Chefs like me need to be in the forefront of having open conversations around sobriety. Some of us had the idea of collaborating for an event. So, in September 2018, we hosted the first-of-its-kind zero-proof dinner festival with nationally acclaimed chefs at Feast Portland. It was the first big collaboration of sober chefs and zero-proof bartenders. Around 70 people came, and trailblazing cooks like Sean Brock, Michael Solomonov, Andrew Zimmern and myself cooked. We shared our stories and stood together to make a public call for a healthier, less toxic industry. A bunch of young cooks around the country saw this and started thinking about how they, too, can make a change.

I tell my staff that alcohol is not bad. It’s just bad for me because I have an addiction issue. I ruined the privilege of drinking for myself, but I want to give others a choice to not drink, too. Just because you don’t drink doesn’t mean you can’t have a great experience when dining out. My staff and I created a five-course nonalcoholic drink-paired menu so we can show the creativity of our bartenders and servers, while offering a great alternative to diners.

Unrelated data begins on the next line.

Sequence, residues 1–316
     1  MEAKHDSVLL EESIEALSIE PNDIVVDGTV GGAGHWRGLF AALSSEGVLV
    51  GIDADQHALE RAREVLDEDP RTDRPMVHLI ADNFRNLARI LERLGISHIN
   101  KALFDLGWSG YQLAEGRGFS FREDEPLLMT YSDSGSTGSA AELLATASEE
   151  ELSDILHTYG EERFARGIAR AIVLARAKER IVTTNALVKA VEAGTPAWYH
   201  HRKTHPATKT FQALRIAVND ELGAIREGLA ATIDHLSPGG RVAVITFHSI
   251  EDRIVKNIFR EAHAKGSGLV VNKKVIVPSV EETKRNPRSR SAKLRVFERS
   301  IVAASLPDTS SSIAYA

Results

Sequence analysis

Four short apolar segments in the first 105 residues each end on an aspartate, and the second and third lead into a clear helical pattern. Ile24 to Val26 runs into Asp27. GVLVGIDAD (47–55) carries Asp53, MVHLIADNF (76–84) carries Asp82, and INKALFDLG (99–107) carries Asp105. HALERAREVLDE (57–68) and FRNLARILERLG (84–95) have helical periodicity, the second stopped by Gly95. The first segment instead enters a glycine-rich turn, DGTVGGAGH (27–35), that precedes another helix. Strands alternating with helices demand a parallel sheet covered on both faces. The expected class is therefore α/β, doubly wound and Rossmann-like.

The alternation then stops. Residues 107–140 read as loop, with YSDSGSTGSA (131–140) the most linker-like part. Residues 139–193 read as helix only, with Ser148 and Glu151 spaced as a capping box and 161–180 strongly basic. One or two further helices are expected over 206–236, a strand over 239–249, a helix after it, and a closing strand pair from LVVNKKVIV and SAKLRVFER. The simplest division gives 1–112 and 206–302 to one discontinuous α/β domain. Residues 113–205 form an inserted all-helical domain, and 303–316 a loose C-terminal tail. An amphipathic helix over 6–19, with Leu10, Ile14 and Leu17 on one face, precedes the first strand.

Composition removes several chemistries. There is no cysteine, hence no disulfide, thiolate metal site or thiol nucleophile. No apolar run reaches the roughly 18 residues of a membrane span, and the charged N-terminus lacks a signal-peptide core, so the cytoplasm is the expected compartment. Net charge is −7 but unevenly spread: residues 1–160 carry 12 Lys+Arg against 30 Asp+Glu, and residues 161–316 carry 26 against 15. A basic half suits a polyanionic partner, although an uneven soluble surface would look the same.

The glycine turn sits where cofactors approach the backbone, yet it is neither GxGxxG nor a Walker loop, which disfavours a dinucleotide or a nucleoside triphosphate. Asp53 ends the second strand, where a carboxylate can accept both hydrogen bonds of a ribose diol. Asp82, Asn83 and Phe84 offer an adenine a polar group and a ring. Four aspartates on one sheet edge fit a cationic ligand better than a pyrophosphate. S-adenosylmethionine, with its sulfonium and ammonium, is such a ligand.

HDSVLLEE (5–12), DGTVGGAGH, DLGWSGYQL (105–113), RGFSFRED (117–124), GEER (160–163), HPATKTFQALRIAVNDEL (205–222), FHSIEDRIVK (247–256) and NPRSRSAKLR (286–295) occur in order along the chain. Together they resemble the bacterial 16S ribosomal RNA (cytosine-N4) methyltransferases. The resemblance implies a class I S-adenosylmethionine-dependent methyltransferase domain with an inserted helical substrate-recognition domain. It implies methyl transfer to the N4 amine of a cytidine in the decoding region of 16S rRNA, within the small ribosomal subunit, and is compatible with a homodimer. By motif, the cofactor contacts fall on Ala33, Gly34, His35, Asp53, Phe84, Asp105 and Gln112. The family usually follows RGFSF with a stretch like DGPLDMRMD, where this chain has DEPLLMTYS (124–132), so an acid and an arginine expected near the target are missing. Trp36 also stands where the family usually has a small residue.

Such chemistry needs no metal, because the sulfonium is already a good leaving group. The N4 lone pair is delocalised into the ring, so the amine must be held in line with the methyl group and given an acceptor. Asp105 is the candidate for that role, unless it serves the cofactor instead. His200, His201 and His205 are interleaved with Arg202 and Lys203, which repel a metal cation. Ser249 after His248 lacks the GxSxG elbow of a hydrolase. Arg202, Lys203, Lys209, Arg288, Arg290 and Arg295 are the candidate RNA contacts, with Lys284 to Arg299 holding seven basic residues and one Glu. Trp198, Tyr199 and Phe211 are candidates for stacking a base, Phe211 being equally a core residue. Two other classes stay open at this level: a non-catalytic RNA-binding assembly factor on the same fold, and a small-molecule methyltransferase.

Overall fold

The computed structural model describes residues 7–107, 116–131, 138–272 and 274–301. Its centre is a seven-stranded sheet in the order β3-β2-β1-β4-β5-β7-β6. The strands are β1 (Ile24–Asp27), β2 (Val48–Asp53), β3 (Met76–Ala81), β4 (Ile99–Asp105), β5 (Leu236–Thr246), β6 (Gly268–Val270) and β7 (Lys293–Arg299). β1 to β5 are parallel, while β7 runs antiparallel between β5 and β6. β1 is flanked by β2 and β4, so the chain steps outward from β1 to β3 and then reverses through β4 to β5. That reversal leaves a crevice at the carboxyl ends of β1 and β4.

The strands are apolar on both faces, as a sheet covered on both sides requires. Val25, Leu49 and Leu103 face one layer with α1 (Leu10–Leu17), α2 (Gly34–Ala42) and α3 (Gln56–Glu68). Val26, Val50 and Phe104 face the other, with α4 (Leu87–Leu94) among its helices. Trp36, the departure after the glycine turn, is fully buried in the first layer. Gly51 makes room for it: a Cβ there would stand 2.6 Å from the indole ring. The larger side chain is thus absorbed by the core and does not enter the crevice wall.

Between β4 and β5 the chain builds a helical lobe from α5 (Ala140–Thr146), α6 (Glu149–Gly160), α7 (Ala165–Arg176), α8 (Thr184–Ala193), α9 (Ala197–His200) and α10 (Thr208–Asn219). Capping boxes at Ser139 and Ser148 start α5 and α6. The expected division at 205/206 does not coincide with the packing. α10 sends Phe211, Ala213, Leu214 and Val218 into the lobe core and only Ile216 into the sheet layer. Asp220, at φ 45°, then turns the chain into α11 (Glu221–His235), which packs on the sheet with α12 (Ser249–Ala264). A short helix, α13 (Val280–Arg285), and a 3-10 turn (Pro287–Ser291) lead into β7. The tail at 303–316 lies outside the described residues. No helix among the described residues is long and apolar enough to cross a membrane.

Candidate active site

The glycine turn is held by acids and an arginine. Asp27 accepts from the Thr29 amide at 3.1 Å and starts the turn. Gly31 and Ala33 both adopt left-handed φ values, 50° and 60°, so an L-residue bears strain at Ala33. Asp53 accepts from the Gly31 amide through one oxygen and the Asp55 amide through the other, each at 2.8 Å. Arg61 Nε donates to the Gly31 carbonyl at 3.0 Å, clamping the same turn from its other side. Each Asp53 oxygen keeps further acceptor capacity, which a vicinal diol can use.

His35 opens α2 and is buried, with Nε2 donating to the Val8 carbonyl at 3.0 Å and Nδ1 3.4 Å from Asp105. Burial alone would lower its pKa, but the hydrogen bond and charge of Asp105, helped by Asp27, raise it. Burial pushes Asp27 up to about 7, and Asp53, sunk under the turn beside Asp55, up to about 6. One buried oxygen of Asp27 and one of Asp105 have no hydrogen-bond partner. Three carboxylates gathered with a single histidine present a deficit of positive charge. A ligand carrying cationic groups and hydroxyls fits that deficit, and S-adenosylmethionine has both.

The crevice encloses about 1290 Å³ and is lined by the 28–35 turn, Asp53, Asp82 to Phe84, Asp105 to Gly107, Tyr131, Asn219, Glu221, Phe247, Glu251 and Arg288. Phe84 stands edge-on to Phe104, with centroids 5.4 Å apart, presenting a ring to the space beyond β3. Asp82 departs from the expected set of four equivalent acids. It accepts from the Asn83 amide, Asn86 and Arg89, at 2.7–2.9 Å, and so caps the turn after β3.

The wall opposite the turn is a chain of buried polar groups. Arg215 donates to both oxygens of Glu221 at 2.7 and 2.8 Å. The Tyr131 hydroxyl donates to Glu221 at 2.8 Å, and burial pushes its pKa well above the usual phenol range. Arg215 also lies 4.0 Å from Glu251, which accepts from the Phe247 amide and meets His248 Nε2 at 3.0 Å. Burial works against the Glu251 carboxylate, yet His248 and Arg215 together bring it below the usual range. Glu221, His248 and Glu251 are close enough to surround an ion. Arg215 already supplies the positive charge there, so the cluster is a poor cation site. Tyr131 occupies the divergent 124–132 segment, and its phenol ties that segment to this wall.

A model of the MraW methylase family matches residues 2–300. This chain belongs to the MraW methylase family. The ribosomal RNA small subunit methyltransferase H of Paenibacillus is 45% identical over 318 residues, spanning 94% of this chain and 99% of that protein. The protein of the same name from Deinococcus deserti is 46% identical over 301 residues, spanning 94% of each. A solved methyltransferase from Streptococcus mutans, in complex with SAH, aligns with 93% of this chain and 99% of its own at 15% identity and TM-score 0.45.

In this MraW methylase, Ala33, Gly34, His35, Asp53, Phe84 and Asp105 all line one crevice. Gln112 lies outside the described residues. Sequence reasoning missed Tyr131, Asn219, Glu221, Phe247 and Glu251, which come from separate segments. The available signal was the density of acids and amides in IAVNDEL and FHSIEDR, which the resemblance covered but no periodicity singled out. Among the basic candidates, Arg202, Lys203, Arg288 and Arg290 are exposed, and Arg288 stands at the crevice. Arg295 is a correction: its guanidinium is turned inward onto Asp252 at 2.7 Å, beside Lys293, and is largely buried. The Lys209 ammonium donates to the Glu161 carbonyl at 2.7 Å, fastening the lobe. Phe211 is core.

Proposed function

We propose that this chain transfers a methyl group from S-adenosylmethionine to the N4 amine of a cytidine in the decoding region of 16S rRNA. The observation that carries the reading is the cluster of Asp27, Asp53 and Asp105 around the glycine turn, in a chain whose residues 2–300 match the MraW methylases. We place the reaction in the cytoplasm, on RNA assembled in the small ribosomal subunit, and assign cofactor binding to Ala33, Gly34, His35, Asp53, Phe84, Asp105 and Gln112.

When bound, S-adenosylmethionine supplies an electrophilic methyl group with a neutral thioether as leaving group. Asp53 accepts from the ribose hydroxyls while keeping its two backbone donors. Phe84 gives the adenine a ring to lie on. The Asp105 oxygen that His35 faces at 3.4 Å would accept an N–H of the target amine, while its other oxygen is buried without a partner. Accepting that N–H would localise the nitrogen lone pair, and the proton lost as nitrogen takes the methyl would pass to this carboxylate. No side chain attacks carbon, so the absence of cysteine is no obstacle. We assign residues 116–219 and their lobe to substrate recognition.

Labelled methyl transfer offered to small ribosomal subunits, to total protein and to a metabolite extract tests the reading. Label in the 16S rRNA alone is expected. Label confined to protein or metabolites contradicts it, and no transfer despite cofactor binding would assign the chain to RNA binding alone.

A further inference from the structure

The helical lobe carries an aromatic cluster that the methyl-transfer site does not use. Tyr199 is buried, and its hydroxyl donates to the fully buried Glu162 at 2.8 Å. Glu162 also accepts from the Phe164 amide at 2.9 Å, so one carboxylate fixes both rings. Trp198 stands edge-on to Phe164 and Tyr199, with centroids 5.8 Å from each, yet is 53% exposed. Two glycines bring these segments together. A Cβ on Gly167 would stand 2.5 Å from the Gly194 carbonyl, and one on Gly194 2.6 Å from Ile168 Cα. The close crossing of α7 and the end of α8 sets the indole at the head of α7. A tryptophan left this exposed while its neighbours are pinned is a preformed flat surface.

I think people like us are helping move away from the bad-boy persona that celebrity chefs are associated with. We are trying to show that you can be a cool chef and still live a good lifestyle. I get messages from chefs from all over the country saying they follow me on Instagram or would like to make a similar change in their lives. I give them my phone number and take the time to talk to them. I believe talking in the open about these issues will help create that change across the industry.

I want to be a sober role model for the next generation of chefs, leading by example. Again, I don’t try to promote myself or be a spokesperson for anything, but rather just be accessible and inclusive. If they pay attention and are attracted to what I am doing, I am open to sharing more stories.